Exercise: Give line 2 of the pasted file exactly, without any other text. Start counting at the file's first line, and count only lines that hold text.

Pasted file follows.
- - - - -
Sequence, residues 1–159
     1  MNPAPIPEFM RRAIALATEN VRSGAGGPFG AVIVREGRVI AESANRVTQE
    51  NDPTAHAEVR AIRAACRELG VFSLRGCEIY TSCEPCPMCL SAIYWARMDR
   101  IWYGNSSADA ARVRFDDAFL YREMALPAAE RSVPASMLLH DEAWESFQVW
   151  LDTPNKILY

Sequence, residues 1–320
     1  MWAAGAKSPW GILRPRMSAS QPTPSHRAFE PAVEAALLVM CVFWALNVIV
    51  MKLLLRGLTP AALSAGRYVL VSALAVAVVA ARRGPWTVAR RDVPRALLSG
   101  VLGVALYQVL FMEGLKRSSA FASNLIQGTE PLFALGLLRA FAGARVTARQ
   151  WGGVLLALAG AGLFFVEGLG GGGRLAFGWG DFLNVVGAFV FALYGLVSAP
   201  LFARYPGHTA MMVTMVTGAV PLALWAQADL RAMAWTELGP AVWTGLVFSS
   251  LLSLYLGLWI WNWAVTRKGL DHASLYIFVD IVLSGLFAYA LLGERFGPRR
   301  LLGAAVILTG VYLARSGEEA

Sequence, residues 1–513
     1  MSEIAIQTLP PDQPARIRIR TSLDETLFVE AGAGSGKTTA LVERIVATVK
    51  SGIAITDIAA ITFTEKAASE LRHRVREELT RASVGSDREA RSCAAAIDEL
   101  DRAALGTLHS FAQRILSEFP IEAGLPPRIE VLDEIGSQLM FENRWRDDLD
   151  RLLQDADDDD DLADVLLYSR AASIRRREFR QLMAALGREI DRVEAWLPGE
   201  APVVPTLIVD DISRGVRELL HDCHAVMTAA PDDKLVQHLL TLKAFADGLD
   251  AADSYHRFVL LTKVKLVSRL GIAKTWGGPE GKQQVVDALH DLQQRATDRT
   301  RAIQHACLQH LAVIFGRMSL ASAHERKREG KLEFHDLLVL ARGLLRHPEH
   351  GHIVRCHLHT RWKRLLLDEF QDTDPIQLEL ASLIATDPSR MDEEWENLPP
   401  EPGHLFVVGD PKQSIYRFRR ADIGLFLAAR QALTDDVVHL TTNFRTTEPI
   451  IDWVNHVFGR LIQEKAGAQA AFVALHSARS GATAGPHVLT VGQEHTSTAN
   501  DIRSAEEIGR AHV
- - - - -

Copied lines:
     1  MNPAPIPEFM RRAIALATEN VRSGAGGPFG AVIVREGRVI AESANRVTQE